Building on the ever-changing character of the tech industry, a tech startup team should be thirsty for knowledge and in-tune with the latest trends that are altering their business’ technology.
Aside from the above, the team should be experienced and specialized – there’s no room for rookies! The aforementioned rises to a whole other level, if the idea requires advanced and complex technology, not only reconfigured. A startup’s team should be well informed about the business they’re navigating in, as Nabil ALNoor, , President and Managing Member at Graphene Ventures, a Venture Capital firm, underlines that “the team’s competence to deliver collaboratively” is key in that context.
Investigate the Idea
Ideally, a startup is the creative answer to a problem or a pain-point that a specific demographic is suffering from. The developed technology should be able to solve the problem – viable technology. In that context, find below the essential questions that you should ask yourself as an investor before taking your decision:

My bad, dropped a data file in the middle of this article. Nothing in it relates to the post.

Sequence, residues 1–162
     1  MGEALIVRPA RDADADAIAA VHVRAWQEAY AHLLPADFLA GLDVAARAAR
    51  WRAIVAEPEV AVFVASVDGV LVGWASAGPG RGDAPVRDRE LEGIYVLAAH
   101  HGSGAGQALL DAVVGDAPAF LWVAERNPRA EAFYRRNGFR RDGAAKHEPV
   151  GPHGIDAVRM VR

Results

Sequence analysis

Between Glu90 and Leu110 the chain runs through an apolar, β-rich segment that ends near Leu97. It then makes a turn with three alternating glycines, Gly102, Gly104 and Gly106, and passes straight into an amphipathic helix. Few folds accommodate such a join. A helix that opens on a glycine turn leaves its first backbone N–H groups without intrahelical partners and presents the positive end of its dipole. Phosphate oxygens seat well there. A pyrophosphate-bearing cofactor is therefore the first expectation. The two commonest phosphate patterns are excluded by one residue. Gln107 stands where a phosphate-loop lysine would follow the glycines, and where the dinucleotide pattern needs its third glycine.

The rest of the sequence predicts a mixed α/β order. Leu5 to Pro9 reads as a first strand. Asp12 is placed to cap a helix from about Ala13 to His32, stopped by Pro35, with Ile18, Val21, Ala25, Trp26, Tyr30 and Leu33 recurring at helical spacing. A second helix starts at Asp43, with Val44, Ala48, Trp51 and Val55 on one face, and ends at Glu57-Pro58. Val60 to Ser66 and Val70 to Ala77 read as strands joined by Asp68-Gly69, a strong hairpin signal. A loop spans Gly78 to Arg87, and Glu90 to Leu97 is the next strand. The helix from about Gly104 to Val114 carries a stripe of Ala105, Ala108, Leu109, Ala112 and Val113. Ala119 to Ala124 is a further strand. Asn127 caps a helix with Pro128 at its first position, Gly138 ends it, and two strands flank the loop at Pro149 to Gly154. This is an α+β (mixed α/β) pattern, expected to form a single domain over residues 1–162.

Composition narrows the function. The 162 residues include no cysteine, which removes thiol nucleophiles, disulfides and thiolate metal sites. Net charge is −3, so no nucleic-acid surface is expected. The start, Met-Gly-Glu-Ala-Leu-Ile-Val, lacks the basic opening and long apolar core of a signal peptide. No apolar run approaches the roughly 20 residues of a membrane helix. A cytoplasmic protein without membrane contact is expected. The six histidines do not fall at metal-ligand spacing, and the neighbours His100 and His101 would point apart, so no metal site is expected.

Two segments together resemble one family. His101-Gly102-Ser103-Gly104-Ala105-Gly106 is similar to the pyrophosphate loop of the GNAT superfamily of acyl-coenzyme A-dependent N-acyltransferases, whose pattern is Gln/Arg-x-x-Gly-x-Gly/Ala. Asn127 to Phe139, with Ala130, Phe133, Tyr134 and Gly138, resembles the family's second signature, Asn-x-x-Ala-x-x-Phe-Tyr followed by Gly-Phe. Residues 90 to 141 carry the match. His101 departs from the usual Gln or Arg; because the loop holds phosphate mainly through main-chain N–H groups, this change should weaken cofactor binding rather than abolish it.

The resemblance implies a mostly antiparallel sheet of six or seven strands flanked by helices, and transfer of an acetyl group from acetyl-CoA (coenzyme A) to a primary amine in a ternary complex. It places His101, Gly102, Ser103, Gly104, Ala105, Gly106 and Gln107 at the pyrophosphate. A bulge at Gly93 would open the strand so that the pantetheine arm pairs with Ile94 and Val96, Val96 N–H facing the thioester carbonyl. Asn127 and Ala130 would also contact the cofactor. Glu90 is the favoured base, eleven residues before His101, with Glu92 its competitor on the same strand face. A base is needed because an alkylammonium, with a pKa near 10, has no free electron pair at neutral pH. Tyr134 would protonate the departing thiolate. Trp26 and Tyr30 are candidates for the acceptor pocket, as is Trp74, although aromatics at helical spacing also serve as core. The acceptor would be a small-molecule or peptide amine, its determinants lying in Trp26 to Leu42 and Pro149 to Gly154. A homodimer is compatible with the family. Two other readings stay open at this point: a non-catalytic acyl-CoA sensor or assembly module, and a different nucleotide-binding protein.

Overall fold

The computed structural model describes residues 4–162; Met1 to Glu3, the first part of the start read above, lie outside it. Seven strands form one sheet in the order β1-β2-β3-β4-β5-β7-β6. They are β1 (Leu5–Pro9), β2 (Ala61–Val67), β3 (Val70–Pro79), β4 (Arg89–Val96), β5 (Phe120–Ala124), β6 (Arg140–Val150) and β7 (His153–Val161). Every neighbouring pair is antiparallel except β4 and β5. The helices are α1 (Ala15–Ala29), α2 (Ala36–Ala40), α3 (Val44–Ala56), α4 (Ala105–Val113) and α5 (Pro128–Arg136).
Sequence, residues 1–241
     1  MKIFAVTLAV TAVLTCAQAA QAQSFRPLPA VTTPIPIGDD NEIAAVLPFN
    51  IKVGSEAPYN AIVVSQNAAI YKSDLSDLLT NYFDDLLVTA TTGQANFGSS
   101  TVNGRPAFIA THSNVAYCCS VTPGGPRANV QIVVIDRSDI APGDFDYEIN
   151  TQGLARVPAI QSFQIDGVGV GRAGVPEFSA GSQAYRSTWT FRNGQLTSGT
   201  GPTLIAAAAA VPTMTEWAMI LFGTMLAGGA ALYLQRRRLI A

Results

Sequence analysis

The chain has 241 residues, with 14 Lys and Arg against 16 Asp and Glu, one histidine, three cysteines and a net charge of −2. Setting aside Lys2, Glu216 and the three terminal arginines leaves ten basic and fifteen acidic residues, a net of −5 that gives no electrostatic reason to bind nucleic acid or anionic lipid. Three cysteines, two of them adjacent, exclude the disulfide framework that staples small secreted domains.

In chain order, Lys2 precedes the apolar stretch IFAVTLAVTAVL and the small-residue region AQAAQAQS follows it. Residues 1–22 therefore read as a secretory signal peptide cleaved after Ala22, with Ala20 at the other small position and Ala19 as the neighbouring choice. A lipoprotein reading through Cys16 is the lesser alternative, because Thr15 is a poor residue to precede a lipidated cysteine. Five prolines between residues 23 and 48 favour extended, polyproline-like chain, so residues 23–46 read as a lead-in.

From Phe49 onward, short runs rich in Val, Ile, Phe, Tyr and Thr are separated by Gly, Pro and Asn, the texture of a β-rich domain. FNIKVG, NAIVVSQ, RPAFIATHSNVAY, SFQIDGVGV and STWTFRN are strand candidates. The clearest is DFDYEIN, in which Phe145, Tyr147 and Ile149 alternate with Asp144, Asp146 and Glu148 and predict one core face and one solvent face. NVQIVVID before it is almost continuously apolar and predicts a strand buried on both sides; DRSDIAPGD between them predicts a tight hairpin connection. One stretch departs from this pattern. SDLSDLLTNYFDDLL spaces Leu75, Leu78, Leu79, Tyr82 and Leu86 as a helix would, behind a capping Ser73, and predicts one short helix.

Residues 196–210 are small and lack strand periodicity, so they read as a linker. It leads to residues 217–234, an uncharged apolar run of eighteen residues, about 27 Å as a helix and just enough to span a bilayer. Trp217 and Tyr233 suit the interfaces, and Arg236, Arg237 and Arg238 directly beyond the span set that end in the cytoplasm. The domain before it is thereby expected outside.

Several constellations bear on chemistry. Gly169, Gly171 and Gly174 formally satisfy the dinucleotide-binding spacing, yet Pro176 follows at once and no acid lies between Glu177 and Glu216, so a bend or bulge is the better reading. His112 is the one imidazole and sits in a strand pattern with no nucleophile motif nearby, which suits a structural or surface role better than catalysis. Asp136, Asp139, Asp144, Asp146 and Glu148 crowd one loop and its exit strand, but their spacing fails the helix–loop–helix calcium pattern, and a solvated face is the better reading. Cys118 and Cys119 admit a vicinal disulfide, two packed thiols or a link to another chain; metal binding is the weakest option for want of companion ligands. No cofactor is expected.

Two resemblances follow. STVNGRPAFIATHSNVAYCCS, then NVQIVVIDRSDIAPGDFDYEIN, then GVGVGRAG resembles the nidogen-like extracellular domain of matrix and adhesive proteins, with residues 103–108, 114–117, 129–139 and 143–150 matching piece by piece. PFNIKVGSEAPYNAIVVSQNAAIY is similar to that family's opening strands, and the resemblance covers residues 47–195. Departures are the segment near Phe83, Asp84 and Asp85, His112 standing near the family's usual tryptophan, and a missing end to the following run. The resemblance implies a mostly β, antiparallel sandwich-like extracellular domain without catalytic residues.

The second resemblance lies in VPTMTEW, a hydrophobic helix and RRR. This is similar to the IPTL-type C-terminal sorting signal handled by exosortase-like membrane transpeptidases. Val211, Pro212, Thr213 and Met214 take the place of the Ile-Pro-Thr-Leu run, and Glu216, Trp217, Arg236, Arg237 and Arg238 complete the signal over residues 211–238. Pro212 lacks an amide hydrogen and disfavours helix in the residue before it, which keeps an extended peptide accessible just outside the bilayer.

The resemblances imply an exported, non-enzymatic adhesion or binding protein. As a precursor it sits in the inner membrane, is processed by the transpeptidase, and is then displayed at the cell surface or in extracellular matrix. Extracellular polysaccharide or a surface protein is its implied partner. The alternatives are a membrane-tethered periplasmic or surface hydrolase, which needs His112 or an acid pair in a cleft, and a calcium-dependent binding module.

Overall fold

- Does the idea bear any value? (Does it address a problem and solve it?)
- Is the product market-fit?
- How big is the market for the product?
- Is the technology accessible/feasible?
- Is the technology original, as opposed to being reconfigured?
- If the technology is reconfigured, what is its value proposition? (Competitive value)
- Is the business model sustainable?
A startup should know how to answer these questions, as they should guide your decision in the right direction. Or, Zafer stated that “a good way to assess the startup’s product is by looking at its users’ data […] moreover, other factors such as the total addressable market, the value proposition, the business model, and the scalability are also as important.”
A Note to Your Investor-Self
Making investment decisions does not include any sort of fortune-telling activity. Albeit risky, choosing to invest in a tech startup entails a whole lot of research. Irrelevant of the technology you’re presented with and the life-cycle stage, you should always gear your investments towards a nimble and lean team, a brilliant idea, and a sustainable business model. For VentureSouq it’s all about “the business model, the team’s profile and efficiency, the product’s USP and backend, the market size, and the competitive landscape.”